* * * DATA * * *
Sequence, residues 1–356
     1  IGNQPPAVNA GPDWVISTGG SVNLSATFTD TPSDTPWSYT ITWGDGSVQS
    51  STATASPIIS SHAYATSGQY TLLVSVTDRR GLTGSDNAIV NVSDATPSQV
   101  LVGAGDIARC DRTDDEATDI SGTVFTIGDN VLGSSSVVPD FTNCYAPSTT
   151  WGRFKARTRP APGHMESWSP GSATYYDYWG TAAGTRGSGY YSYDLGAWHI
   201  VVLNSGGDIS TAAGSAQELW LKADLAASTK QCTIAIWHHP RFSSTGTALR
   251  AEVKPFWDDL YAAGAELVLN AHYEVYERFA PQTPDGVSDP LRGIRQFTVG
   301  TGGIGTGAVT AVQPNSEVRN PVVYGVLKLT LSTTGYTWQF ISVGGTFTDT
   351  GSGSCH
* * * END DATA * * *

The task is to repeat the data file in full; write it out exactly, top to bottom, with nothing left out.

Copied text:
Sequence, residues 1–356
     1  IGNQPPAVNA GPDWVISTGG SVNLSATFTD TPSDTPWSYT ITWGDGSVQS
    51  STATASPIIS SHAYATSGQY TLLVSVTDRR GLTGSDNAIV NVSDATPSQV
   101  LVGAGDIARC DRTDDEATDI SGTVFTIGDN VLGSSSVVPD FTNCYAPSTT
   151  WGRFKARTRP APGHMESWSP GSATYYDYWG TAAGTRGSGY YSYDLGAWHI
   201  VVLNSGGDIS TAAGSAQELW LKADLAASTK QCTIAIWHHP RFSSTGTALR
   251  AEVKPFWDDL YAAGAELVLN AHYEVYERFA PQTPDGVSDP LRGIRQFTVG
   301  TGGIGTGAVT AVQPNSEVRN PVVYGVLKLT LSTTGYTWQF ISVGGTFTDT
   351  GSGSCH